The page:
Top 10 Things to Do In Iceland

Iceland has so many extraordinary natural wonders that it is hard to know where to start when visiting. This top 10 list is designed to cover all bases, from the basics to the hidden treasures, in order to get the most out of a trip to Iceland.

1.  Rent a car 

First thing’s first: you want to see all of Iceland, not just a few cities. The best way to see Iceland is in a car, and renting one is easy. Ring Road is one common route that many tourists take, as it circles Iceland on a safe main road. The cheapest way to rent a car is to book online in advance, for example through website’s like https://www.reykjavikcars.com/.

2. See the northern lights

Of course, this had to be on the list. Just because it is far from a secret, its levity cannot be underestimated. The northern lights arise from solar particles entering the magnetic field and ionize from the high atmosphere. The best time to see them is between September and April on a dark night (i.e. not a full moon). It is best to go somewhere remote, without artificial light, and just hope there are not going to be many clouds.

 

3. Day tours

This goes hand-in-hand with tip number 1: renting a car. Because there are so many incredible settings and natural wonders in Iceland, the day-tour business is rife (and rightly so!). Taking advantage of them (many are free) is a great way to learn about what you’re seeing. Day tours from Reykjavik are a great place to start.

 

4. Hike around Landmannagaugar 

There are many one-day hiking trails. It will even be possible to see Brennisteinsalda, a small yet incredible volcano which sits approximately 800 meters high. However, the elevated walk only needs to be a 200-meter ascent because the service center gives you a 600-meter head start.

 

5. Fly to Keflavik international airport

Not only is Keflavik – a small, volcanic town of Reykjanes – a great place to start off the Icelandic adventure, but it is also where every major car rental presence is. It is the largest Icelandic airport by far and is therefore usually the cheapest to get to. This might be a good place to get out some money when you first arrive. However, it is worth viewing a guide to Iceland currency before taking any action.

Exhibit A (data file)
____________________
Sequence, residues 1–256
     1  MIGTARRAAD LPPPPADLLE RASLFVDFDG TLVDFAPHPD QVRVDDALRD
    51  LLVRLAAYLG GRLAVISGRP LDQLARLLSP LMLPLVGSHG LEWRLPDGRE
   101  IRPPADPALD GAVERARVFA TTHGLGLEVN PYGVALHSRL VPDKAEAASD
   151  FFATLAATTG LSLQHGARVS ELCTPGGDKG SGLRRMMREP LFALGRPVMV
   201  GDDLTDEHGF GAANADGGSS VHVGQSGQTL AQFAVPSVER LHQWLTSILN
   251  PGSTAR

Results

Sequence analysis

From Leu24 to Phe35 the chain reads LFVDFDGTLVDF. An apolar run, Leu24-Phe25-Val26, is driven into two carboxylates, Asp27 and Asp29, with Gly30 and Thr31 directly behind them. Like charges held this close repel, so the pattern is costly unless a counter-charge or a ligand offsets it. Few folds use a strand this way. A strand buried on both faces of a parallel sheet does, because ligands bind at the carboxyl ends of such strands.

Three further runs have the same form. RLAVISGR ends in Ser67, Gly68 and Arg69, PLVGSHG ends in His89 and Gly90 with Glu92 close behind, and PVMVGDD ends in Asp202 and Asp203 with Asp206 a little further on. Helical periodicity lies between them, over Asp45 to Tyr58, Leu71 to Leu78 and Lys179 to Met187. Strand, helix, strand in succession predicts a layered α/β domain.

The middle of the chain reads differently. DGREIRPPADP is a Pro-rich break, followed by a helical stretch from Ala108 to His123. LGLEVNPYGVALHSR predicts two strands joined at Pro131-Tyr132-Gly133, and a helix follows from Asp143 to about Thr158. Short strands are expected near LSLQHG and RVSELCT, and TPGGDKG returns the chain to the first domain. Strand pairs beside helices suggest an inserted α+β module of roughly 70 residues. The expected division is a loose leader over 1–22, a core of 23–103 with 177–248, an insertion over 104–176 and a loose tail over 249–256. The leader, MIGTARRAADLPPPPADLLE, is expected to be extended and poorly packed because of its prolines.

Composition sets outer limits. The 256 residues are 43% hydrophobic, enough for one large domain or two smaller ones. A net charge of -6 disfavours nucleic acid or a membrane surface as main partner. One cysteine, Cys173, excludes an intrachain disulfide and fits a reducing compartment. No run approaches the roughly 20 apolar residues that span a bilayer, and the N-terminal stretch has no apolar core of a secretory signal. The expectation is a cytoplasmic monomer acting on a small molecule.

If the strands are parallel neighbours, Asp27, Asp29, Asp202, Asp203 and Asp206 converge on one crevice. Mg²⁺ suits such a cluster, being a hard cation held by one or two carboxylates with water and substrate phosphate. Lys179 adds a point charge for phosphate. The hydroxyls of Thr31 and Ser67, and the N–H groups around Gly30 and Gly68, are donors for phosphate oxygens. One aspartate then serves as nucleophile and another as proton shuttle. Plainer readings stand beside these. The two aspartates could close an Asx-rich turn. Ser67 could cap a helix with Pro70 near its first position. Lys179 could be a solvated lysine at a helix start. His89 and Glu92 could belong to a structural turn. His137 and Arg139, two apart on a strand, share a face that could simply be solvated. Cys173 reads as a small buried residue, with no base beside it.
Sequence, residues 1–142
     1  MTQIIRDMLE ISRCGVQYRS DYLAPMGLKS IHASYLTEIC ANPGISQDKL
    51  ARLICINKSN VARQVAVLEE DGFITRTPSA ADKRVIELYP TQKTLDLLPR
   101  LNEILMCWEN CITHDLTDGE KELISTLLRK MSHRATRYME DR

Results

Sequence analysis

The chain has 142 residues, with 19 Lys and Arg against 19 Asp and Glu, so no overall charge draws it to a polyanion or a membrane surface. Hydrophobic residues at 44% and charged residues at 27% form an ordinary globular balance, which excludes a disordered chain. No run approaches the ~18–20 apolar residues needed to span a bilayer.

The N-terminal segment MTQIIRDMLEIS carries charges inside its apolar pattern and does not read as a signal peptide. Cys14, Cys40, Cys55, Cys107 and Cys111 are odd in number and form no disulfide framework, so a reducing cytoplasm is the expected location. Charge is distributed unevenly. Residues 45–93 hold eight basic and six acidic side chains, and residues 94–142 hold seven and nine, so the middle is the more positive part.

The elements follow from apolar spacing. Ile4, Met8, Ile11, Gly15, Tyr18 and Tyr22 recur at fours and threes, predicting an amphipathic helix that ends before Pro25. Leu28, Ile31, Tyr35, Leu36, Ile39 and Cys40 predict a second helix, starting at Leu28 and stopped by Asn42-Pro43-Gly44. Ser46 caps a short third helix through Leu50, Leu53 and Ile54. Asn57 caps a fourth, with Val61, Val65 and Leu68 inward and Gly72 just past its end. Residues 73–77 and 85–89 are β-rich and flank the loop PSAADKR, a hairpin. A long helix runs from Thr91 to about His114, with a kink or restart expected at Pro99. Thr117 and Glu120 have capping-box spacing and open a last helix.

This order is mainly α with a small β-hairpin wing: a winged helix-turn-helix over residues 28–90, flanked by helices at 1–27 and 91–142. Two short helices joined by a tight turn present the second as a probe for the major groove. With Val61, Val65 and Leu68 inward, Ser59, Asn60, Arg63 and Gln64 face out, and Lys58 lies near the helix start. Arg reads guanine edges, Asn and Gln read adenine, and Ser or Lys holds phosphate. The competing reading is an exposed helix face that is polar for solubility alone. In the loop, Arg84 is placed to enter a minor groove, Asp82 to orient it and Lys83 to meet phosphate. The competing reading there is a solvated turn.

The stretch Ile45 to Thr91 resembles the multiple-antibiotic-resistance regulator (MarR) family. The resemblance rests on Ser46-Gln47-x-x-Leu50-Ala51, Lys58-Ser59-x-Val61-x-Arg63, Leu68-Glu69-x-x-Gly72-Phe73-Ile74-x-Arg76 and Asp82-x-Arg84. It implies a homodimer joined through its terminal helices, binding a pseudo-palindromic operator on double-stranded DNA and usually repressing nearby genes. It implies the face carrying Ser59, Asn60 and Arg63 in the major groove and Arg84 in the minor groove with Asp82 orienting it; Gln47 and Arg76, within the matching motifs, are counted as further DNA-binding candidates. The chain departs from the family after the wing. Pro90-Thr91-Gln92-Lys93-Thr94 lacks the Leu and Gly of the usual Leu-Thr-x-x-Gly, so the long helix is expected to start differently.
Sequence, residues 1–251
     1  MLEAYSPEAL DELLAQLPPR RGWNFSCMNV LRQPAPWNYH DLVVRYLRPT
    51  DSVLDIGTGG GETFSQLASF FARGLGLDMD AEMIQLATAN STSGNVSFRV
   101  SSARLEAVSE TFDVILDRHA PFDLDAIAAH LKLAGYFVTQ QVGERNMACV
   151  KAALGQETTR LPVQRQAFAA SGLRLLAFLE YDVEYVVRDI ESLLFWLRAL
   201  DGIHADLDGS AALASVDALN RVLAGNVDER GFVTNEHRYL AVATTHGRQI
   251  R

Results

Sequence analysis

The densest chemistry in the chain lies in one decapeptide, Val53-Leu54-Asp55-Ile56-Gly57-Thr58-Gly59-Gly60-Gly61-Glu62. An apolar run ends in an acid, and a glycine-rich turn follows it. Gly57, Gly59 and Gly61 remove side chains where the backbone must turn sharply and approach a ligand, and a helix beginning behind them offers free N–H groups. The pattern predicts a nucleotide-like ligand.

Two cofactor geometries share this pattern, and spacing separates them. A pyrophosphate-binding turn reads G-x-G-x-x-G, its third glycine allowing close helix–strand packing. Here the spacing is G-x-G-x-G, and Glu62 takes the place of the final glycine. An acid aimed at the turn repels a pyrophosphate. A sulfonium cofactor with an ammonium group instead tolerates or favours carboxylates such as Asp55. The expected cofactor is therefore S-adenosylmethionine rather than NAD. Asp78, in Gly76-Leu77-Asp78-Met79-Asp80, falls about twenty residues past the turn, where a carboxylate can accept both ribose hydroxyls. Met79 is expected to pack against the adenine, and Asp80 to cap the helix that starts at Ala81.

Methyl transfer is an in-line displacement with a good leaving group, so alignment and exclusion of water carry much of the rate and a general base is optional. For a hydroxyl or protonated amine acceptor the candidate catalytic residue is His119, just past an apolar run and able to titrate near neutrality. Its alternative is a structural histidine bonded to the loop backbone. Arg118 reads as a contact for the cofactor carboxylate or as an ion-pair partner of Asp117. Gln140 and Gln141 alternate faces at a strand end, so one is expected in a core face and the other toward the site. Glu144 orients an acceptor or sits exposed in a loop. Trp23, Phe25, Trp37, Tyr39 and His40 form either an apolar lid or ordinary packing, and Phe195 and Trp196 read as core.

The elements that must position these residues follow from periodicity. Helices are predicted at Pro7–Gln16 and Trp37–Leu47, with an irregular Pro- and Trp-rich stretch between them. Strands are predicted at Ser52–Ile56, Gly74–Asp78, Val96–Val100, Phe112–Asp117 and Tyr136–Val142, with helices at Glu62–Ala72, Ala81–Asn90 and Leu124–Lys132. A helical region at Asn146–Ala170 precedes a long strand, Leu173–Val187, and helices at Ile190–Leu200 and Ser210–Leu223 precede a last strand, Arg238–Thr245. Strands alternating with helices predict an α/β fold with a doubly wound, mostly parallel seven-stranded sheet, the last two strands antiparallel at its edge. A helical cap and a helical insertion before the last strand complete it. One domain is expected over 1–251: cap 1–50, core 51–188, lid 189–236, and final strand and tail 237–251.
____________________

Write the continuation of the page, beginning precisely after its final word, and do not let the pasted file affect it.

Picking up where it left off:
6. Visit Askja

Contrary to the above advice – get off Ring Road! And get yourself down Askja. It can be a little dangerous to get there along the F roads, but Askja is perhaps the most beautiful place in Iceland. It is situated in the Dyngjufjoll Mountains, just next to the Vatnajökull National Park. Askja is 50 square kilometers of subsidence cauldron, which was formed by a volcanic eruption. It is worth the adventure to get there.

7. Drive the Golden Circle

The Golden Circle is a great choice when driving if you want to catch many of Iceland’s natural wonders. It is a common path taken where you can see many volcanoes and glaciers along the way. It stretches 300 km along the southern uplands and back up to Reykjavik. Geysir is the favorite stop for many, which has an active hot spring area as well as mud pits, the Strokkur (sprouting water) and explosive geysers.

8. Check out the Dettifoss waterfall

The Dettifoss waterfall is the largest waterfall in Europe in terms of volume. For every second that passes, 500 cubic meters of water plummets down the 45-meter high drop. The sheer volume of water that falls comes from having a large 100-meter width. Nearby is a 34 km hiking trail with a campsite in Vesturdalur. Many European tourists will have never seen a waterfall before, and what a great place it is to start.

9. Akureyri

With many of the above natural wonders, there is a preferred time of year to visit. The great thing about visiting Akereyi, is that it is incredible all year round. Akureyri is Iceland’s second-largest city, though it is still tiny in the context to many other cities around the world. It is a charming place with many things to see, such as the Ásbyrgi canyon, the two waterfalls, and the beautiful Mývatn region. The Laufas turf homes are really worth checking out – built in 1865, they are a well-preserved example of how Icelanders lived for so long.

10. Vik

Vik is a village at the very south of Iceland. It has a population of 300, with no towns for over 50 km. You could walk around Vik and see the whole village in under an hour, although it would be nearly impossible with all the picturesque settings. There is a famous church and a few amenities. Visiting Vik is the perfect way to round off a trip to Iceland and see the slightly less-touristy side of Iceland.

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